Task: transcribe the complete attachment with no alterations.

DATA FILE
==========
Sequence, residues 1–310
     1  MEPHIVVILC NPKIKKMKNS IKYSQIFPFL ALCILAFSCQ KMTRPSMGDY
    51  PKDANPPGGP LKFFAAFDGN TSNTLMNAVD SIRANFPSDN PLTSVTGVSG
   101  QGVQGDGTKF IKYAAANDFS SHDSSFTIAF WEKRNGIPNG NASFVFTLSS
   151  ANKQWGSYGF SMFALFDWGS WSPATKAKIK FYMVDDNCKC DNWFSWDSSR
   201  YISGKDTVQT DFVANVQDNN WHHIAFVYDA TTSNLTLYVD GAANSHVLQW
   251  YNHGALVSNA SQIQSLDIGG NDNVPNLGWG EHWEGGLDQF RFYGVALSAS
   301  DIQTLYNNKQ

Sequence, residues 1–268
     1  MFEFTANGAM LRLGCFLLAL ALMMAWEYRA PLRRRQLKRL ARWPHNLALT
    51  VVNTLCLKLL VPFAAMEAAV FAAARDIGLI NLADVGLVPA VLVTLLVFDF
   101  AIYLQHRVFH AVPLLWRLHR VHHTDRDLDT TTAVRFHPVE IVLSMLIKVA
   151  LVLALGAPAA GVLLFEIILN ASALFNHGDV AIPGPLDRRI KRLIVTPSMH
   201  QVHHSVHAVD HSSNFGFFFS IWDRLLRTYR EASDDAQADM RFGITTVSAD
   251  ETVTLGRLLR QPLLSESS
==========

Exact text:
Sequence, residues 1–310
     1  MEPHIVVILC NPKIKKMKNS IKYSQIFPFL ALCILAFSCQ KMTRPSMGDY
    51  PKDANPPGGP LKFFAAFDGN TSNTLMNAVD SIRANFPSDN PLTSVTGVSG
   101  QGVQGDGTKF IKYAAANDFS SHDSSFTIAF WEKRNGIPNG NASFVFTLSS
   151  ANKQWGSYGF SMFALFDWGS WSPATKAKIK FYMVDDNCKC DNWFSWDSSR
   201  YISGKDTVQT DFVANVQDNN WHHIAFVYDA TTSNLTLYVD GAANSHVLQW
   251  YNHGALVSNA SQIQSLDIGG NDNVPNLGWG EHWEGGLDQF RFYGVALSAS
   301  DIQTLYNNKQ

Sequence, residues 1–268
     1  MFEFTANGAM LRLGCFLLAL ALMMAWEYRA PLRRRQLKRL ARWPHNLALT
    51  VVNTLCLKLL VPFAAMEAAV FAAARDIGLI NLADVGLVPA VLVTLLVFDF
   101  AIYLQHRVFH AVPLLWRLHR VHHTDRDLDT TTAVRFHPVE IVLSMLIKVA
   151  LVLALGAPAA GVLLFEIILN ASALFNHGDV AIPGPLDRRI KRLIVTPSMH
   201  QVHHSVHAVD HSSNFGFFFS IWDRLLRTYR EASDDAQADM RFGITTVSAD
   251  ETVTLGRLLR QPLLSESS